Pulse State - The Science of Despair
Synthpop, Darkwave If hope had a beat, this is how it would roll. It's futurepop in all of its sparkling glory, glassy synths spiralling upwards in a shower of crystalline beauty. Yet if I'm going to compare this album to a shimmering lake, then it is only fair that I mention that it's a somewhat shallow one. In as much as I genuinely do like this album, there are certainly areas where it could be improved upon.

Pulse State is a project run by Mike Phipps out of Detroit, and he's produced various genres under this banner since the late 90's. This new release is a very dreamy, synthetic textured sound. The music is overlaid with Mike's echo laden vocals, which are delivered in an almost narrative style. In fact, the lyrics are often so descriptive that they defy many musical sensibilities, which can be a little off putting at times.

For me the highlight of this album is definitely "Little Strangeling", a very light hearted but catchy track that will evoke visions of VNV Nation from the first bar. The track "Flowers for Mankind" begins with great promise, with some lovely synth work leading us through a very compelling intro. At this point, however, it all falls apart as a jarring vocal line tarnishes the otherwise uplifting atmosphere. The final track on the disc is a reflective piece, "Distant Sea". It's whimsical no doubt, but like the rest of this album it's not bad at all, a journey that possibly could have gone further but has plenty of merit nonetheless.

My main concern with this album is that it just sounds too brittle. It lacks the sonic polish and lyrical grandeur that you would expect from any of the masters of the genre. I would like to see more chordal progressions, more multi layering, more conviction in the vocals. That being said, I can certainly see fans of acts such as Frozen Plasma or Cesium_137 enjoying it. The melodic content is good, the idea behind it all is solid. Taking this into consideration, I have every reason to believe that this project will go on to bigger and better things. I'll certainly be looking forward to listening.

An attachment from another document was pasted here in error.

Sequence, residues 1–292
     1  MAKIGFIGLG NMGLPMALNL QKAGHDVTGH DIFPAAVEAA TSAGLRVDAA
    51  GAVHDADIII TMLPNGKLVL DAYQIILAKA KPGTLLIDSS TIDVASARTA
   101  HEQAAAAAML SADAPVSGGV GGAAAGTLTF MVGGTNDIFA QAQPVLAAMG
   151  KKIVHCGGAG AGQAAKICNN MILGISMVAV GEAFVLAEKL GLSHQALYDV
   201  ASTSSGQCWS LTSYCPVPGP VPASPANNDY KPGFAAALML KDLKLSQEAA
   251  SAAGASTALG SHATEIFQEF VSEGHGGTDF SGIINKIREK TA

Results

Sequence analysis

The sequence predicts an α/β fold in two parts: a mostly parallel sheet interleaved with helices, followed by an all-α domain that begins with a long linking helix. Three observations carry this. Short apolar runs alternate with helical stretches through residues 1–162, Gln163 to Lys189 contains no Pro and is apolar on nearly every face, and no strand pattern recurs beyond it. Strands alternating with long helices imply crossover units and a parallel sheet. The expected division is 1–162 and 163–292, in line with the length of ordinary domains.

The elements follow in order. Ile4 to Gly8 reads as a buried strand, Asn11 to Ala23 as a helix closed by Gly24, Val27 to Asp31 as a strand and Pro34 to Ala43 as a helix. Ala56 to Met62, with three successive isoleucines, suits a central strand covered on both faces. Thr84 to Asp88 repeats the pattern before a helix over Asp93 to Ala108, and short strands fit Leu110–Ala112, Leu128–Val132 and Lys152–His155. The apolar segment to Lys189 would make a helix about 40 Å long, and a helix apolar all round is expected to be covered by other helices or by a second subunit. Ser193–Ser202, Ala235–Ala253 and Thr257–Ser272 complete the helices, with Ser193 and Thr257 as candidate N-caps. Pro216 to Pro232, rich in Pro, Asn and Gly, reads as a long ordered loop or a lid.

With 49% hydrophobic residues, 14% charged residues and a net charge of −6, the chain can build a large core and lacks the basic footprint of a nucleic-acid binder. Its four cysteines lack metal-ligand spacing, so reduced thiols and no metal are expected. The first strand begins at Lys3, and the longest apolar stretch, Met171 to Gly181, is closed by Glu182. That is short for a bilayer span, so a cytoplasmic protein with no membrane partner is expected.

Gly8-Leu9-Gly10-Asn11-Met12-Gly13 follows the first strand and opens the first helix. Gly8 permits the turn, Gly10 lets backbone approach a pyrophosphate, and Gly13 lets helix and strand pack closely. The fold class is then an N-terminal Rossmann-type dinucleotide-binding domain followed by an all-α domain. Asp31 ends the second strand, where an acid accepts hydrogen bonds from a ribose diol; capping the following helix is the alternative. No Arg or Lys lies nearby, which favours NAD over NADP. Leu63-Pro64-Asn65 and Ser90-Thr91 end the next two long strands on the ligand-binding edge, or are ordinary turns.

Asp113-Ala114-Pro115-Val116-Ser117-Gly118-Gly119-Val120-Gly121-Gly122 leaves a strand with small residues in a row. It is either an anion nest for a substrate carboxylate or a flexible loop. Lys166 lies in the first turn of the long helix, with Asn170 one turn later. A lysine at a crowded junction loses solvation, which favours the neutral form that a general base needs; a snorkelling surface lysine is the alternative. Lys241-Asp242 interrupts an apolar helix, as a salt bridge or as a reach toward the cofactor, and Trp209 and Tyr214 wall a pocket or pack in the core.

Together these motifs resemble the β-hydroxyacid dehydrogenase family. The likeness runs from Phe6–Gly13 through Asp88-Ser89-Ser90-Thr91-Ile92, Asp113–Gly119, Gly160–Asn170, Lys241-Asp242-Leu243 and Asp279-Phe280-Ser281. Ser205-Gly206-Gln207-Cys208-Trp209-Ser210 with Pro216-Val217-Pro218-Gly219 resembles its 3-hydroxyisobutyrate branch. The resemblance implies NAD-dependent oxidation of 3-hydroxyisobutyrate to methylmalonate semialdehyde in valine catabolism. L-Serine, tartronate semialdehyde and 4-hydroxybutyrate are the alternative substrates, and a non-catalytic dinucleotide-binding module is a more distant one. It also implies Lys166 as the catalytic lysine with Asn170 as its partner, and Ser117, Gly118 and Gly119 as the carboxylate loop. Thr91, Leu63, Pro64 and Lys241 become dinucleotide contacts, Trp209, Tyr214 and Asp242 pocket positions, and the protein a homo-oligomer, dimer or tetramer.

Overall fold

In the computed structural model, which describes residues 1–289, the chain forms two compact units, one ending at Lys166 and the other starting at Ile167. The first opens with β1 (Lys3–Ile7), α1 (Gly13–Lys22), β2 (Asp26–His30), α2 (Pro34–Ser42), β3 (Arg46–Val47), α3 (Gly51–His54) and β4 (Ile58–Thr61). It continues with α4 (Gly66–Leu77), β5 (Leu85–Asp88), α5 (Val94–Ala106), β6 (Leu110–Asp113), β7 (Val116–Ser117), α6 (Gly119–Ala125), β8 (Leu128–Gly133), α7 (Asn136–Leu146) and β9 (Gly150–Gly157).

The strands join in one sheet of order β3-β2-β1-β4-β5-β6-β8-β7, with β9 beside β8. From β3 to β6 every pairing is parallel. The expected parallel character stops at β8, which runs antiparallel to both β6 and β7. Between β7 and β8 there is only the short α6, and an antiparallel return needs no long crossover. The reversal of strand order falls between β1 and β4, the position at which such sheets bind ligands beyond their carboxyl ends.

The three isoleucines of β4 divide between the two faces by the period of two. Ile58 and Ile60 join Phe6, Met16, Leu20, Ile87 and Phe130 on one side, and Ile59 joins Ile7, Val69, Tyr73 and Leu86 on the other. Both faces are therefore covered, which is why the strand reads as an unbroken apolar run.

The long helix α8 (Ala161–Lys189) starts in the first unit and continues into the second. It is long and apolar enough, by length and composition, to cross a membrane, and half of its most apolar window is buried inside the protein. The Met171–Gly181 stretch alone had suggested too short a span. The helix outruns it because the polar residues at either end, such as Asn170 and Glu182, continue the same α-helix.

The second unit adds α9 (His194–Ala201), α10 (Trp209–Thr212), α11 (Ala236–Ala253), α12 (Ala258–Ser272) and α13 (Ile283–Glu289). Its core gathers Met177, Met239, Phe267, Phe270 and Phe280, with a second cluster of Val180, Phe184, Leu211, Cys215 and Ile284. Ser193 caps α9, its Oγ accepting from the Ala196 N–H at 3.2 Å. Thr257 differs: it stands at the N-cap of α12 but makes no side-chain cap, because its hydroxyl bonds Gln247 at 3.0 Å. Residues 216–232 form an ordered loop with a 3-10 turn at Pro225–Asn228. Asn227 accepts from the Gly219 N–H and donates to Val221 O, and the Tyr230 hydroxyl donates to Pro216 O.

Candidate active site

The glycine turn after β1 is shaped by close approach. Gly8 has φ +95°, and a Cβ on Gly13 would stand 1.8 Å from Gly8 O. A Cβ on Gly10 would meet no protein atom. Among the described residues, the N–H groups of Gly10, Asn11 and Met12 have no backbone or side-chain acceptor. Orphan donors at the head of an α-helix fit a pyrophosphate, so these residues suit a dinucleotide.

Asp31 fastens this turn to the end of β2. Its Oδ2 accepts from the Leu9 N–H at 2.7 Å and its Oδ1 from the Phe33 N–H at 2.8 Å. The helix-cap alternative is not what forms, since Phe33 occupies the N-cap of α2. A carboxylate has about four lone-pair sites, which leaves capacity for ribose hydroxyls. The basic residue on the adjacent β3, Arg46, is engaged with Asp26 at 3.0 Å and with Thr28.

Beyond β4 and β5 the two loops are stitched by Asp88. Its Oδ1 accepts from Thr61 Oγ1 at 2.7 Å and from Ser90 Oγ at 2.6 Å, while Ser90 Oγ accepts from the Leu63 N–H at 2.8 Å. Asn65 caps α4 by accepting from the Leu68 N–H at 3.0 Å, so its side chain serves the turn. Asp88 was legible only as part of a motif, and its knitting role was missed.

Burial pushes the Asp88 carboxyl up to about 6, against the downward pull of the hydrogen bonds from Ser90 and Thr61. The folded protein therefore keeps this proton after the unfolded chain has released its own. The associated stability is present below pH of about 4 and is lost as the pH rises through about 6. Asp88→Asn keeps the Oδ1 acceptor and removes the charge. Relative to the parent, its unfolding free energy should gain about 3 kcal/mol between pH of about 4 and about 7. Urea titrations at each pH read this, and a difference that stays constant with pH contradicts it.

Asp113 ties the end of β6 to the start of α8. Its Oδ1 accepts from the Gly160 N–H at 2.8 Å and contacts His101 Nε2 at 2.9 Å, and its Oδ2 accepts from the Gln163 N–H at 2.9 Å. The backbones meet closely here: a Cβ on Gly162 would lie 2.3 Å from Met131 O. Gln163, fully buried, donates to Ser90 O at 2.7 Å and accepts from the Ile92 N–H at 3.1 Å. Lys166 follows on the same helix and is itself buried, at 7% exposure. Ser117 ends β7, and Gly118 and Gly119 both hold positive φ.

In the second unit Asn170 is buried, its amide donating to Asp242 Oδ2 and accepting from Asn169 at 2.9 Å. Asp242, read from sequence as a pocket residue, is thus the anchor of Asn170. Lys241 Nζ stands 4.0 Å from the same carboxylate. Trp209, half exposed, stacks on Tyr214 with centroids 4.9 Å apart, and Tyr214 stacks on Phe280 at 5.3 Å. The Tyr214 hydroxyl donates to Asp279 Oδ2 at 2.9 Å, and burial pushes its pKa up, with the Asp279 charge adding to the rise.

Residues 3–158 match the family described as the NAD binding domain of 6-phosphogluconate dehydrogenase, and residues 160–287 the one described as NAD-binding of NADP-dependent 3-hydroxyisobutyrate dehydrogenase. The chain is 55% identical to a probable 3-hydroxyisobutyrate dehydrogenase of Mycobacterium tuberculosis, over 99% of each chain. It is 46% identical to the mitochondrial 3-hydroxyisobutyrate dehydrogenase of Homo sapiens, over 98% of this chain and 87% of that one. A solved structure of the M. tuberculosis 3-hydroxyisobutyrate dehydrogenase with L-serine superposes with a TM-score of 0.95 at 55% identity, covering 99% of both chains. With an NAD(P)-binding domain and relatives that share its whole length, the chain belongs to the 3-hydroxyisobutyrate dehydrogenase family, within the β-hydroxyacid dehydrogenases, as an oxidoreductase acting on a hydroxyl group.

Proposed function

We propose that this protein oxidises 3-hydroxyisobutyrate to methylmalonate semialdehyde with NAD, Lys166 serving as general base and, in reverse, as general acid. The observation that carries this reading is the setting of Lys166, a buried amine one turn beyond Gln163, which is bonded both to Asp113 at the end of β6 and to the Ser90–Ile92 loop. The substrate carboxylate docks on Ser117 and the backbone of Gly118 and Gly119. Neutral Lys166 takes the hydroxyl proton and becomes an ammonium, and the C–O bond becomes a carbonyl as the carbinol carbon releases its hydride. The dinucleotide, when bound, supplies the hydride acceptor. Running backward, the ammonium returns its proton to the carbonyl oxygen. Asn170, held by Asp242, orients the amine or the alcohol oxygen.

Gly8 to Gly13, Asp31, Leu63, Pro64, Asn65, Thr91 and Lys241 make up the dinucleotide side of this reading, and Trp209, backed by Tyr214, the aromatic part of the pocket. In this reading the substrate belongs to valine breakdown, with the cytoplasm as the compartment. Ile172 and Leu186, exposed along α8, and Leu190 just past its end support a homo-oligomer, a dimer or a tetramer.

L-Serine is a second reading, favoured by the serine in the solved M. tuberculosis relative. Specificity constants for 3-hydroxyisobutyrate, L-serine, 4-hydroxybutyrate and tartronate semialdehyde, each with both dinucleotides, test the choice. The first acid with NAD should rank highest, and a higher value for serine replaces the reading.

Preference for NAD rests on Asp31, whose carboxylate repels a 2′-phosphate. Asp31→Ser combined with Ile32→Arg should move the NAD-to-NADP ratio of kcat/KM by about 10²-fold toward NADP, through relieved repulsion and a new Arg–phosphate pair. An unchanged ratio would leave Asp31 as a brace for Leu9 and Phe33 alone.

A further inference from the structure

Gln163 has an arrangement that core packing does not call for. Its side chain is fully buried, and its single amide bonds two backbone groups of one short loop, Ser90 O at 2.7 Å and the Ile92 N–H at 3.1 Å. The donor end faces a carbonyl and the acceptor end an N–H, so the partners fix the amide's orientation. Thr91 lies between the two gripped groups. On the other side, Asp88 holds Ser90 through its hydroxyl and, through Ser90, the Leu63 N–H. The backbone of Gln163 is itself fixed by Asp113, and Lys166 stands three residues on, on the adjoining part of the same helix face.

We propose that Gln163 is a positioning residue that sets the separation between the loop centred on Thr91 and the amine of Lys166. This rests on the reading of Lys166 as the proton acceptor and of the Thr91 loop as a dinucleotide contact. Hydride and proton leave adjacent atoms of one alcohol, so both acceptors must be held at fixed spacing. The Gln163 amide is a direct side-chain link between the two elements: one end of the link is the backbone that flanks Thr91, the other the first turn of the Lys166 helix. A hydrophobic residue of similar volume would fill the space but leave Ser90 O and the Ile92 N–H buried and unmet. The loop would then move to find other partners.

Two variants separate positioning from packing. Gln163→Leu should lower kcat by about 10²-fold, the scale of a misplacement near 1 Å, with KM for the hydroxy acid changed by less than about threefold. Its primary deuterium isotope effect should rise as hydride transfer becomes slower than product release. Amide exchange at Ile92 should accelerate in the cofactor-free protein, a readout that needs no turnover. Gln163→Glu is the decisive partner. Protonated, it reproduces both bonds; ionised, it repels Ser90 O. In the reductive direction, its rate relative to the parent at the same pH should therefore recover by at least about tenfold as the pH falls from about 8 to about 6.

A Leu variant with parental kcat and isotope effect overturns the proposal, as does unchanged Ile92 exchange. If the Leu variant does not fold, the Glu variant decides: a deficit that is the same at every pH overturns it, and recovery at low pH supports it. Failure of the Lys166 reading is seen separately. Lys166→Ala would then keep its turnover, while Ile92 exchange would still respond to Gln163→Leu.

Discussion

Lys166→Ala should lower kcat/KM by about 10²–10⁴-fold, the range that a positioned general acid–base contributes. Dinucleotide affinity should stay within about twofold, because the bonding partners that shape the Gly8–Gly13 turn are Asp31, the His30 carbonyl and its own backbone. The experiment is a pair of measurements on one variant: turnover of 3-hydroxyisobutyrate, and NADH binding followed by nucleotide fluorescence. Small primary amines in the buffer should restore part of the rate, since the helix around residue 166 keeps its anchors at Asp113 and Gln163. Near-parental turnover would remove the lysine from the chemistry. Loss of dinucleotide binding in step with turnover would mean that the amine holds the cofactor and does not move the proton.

3
Brutal Resonance

Pulse State - The Science of Despair

6.5
"Alright"
N/A
Electroracle
Spotify
Released off label 2012
If hope had a beat, this is how it would roll. It's futurepop in all of its sparkling glory, glassy synths spiralling upwards in a shower of crystalline beauty. Yet if I'm going to compare this album to a shimmering lake, then it is only fair that I mention that it's a somewhat shallow one. In as much as I genuinely do like this album, there are certainly areas where it could be improved upon.

Pulse State is a project run by Mike Phipps out of Detroit, and he's produced various genres under this banner since the late 90's. This new release is a very dreamy, synthetic textured sound. The music is overlaid with Mike's echo laden vocals, which are delivered in an almost narrative style. In fact, the lyrics are often so descriptive that they defy many musical sensibilities, which can be a little off putting at times.

For me the highlight of this album is definitely "Little Strangeling", a very light hearted but catchy track that will evoke visions of VNV Nation from the first bar. The track "Flowers for Mankind" begins with great promise, with some lovely synth work leading us through a very compelling intro. At this point, however, it all falls apart as a jarring vocal line tarnishes the otherwise uplifting atmosphere. The final track on the disc is a reflective piece, "Distant Sea". It's whimsical no doubt, but like the rest of this album it's not bad at all, a journey that possibly could have gone further but has plenty of merit nonetheless.

My main concern with this album is that it just sounds too brittle. It lacks the sonic polish and lyrical grandeur that you would expect from any of the masters of the genre. I would like to see more chordal progressions, more multi layering, more conviction in the vocals. That being said, I can certainly see fans of acts such as Frozen Plasma or Cesium_137 enjoying it. The melodic content is good, the idea behind it all is solid. Taking this into consideration, I have every reason to believe that this project will go on to bigger and better things. I'll certainly be looking forward to listening. Oct 25 2012

Off label

Official release released by the artist themselves without the backing of a label.

Julian Nichols

info@brutalresonance.com
Writer and contributor on Brutal Resonance

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